Austin Kleon blogs that in his diary writing he tries to start with writing down the best thing that happened yesterday. Calling it ‘cheerful retrospection‘ Judging by his post he writes his diary by hand.
For the past 3 years I have had a survey hosted on my laptop to do self reflection. It contains that same question. When I started using the survey, which I named self-pni, I wrote that the survey has
“three distinct question blocks. A block asking questions about what happened during the day and stood out, and why it stood out for me. A block with more mindfulness oriented questions on how I felt in the here and now. A block about my current outlook. All in all a mix of qualitative and quantitative elements.”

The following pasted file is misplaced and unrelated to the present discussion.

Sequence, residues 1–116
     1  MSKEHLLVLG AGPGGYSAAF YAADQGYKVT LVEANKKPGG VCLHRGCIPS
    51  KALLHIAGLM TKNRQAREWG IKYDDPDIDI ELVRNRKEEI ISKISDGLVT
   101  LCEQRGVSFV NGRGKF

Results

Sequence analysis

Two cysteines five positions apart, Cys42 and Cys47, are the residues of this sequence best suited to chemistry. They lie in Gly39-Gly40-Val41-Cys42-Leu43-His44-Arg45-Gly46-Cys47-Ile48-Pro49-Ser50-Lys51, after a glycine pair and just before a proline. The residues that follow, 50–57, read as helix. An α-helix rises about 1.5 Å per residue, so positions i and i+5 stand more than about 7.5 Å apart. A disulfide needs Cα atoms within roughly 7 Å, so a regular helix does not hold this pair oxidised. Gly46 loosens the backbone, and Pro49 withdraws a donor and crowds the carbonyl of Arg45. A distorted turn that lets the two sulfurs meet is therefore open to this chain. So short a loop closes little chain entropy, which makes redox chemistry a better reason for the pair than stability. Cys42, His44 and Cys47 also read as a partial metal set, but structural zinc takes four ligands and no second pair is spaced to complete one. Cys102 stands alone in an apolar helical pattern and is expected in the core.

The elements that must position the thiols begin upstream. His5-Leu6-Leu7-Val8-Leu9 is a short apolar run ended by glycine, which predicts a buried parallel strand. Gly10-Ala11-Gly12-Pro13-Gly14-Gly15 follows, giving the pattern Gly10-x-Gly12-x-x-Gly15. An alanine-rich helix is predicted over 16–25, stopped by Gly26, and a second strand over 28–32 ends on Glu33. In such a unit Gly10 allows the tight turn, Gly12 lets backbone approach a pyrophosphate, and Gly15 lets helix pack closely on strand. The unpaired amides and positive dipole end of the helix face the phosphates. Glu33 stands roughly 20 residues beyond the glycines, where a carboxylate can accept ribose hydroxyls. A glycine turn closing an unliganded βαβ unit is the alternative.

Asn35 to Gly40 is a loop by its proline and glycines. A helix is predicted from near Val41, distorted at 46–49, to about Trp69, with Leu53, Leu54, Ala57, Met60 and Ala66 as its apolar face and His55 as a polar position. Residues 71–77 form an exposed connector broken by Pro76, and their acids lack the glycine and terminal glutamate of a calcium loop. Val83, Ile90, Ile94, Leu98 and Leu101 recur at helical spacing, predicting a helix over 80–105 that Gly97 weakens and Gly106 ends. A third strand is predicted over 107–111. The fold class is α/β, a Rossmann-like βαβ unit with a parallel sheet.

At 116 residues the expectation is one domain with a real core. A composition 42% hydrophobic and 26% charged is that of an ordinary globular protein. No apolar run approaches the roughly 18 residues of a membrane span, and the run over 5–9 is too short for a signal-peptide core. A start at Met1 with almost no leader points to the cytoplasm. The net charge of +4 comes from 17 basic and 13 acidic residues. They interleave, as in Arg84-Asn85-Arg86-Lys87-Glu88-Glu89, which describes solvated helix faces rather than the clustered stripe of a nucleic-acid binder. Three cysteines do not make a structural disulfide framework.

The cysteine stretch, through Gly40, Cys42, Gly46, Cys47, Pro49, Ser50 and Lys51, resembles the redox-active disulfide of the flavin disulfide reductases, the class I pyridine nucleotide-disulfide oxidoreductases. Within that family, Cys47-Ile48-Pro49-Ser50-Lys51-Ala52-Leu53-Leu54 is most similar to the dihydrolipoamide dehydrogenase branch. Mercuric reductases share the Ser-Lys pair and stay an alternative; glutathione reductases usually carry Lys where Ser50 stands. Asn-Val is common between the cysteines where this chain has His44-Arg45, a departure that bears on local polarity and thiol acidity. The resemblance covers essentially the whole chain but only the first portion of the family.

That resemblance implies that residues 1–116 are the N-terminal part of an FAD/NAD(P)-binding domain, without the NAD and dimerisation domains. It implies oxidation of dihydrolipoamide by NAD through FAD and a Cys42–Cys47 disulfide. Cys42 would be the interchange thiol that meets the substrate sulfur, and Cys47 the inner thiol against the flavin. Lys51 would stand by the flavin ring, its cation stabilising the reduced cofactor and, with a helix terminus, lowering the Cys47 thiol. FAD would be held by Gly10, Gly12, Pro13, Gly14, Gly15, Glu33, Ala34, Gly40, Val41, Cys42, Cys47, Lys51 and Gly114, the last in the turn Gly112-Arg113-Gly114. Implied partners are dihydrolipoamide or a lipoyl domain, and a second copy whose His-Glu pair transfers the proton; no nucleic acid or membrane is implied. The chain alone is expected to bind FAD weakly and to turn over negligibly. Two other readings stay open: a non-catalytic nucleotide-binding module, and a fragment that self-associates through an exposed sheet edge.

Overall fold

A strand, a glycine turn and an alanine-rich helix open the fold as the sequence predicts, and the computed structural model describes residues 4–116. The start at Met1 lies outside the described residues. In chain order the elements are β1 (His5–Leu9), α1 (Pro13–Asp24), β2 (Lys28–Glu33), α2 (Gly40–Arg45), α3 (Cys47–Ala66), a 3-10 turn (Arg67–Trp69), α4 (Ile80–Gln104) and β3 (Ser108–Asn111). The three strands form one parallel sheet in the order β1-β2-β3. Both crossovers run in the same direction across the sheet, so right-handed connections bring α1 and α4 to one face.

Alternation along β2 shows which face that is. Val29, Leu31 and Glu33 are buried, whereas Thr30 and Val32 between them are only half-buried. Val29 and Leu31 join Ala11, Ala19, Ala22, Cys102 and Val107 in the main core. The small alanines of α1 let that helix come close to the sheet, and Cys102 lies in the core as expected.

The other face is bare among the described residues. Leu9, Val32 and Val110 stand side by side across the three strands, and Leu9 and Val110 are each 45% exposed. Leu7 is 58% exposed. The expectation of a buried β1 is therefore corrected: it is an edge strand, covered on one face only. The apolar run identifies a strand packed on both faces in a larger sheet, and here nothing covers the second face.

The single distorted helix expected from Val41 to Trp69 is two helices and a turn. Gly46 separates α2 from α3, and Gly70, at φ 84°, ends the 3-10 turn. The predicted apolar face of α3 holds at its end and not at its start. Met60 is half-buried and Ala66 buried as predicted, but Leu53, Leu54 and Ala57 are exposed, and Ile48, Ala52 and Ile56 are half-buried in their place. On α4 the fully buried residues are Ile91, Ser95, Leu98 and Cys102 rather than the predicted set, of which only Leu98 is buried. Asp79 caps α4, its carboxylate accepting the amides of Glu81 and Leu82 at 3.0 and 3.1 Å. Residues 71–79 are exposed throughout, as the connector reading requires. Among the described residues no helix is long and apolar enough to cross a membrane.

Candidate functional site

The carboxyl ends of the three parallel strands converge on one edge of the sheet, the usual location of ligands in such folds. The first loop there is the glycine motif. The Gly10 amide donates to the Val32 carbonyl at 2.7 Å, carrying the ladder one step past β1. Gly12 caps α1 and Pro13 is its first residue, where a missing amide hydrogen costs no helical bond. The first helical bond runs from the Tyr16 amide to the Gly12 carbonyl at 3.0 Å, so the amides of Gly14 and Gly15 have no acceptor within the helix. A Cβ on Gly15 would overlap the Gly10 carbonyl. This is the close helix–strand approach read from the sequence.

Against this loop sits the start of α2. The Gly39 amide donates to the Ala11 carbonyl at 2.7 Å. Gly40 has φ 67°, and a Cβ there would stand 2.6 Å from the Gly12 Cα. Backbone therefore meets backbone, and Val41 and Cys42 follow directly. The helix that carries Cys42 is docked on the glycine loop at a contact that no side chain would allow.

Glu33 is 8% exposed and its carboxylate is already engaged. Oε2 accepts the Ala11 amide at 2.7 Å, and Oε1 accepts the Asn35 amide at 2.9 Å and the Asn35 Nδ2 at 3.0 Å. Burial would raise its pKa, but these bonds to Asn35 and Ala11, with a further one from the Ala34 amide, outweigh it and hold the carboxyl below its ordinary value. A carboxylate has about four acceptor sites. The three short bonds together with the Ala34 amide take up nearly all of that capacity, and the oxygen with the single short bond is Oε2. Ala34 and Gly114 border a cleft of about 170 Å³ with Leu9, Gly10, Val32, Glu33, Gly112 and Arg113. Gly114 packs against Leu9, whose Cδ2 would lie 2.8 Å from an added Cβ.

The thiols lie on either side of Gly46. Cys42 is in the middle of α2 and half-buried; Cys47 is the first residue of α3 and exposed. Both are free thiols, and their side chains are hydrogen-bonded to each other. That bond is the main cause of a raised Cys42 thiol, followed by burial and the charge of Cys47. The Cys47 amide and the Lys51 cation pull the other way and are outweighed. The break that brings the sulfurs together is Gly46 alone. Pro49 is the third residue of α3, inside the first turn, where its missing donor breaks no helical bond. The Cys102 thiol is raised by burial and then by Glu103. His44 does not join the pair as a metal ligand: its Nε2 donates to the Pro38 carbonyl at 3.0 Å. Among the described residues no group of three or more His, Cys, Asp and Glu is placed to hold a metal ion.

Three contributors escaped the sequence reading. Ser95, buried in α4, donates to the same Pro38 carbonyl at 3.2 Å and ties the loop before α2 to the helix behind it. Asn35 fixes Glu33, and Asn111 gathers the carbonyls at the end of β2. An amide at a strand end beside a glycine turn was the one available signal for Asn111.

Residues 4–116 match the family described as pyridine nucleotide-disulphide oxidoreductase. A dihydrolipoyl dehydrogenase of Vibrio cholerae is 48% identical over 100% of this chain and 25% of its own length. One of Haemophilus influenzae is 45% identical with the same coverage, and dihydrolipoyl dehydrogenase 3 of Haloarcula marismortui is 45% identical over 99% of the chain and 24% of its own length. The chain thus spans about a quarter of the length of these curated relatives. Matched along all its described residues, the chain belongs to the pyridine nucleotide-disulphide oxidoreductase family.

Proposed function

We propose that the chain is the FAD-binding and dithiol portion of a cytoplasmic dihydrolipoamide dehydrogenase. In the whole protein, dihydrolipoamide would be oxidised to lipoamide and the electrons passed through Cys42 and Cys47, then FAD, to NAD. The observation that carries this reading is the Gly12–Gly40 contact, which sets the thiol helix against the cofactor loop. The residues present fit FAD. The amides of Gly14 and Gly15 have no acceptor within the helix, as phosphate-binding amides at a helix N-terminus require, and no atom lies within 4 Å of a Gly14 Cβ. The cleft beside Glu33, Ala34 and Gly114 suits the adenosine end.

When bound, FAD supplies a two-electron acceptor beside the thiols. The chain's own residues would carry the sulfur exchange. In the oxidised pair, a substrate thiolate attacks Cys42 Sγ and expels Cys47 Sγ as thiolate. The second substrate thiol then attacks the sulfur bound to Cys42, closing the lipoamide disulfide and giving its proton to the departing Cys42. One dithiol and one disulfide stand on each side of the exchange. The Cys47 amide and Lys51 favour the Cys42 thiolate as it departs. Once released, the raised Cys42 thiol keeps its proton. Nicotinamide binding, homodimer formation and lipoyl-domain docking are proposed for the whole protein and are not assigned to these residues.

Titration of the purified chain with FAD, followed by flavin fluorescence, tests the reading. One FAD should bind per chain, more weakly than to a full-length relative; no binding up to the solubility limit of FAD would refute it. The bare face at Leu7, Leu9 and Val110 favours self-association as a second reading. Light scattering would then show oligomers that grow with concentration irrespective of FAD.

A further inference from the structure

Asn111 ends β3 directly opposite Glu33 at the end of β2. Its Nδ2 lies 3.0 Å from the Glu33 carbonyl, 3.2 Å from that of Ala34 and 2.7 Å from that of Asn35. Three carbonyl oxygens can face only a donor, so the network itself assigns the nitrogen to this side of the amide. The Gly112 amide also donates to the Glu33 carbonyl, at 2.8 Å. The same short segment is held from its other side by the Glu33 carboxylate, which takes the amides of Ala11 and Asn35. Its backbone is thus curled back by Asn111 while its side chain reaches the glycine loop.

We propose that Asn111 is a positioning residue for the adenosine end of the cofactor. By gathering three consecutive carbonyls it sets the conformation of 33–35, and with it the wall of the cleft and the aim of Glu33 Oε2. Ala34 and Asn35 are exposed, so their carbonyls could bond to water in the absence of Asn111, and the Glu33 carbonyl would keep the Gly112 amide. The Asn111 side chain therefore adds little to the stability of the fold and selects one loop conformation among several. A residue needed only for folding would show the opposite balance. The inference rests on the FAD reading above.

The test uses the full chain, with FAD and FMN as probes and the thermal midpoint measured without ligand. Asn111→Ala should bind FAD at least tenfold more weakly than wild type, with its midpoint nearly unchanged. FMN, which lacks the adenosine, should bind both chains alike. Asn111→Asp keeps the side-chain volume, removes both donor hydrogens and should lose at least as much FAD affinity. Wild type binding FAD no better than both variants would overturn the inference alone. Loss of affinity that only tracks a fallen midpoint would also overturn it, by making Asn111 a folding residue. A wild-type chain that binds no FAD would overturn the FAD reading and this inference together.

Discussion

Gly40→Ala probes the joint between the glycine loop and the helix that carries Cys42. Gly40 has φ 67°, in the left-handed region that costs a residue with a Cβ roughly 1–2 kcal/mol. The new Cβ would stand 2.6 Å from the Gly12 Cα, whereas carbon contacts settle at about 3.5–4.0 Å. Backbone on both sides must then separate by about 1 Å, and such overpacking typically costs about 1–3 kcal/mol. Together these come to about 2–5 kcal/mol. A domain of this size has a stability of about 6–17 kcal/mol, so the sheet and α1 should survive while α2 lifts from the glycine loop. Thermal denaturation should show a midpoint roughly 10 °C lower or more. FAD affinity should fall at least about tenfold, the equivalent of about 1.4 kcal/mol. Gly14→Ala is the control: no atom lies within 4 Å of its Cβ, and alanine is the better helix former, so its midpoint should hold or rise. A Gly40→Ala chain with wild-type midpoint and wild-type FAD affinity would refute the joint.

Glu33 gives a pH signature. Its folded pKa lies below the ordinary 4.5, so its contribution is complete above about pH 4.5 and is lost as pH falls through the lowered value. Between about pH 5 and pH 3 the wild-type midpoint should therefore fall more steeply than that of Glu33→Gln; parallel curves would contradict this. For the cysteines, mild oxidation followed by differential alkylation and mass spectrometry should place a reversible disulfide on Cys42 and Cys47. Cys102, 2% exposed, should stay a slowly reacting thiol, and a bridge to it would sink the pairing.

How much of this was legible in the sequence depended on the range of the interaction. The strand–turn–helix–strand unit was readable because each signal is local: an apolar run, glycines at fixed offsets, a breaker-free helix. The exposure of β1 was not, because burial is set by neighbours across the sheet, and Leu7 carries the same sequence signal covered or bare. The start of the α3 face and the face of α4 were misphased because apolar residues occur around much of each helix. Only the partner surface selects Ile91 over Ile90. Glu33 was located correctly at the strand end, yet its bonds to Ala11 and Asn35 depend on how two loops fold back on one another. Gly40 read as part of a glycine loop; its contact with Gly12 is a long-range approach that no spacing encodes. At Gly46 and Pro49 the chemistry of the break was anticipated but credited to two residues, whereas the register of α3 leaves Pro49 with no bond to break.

The survey hasn’t changed in 3 years, but I also haven’t used it much either. Long periods go by without filling it out. Only when I feel stressed or otherwise feel there’s something that needs to change, it is that I return to the survey. I also as yet haven’t tried to do anything with the database, other than browsing my responses occasionally. I know from others that for them part of the benefit of asking those questions of themselves lies in doing it in handwriting on paper. Writing it down brings an impact even if you don’t look back at it at all they report. For me answering the questions without ever looking in the database has effect as well: it makes me stop and reflect. I imagine writing it out takes a bit more time, and makes that ‘stop and reflect’ moment longer.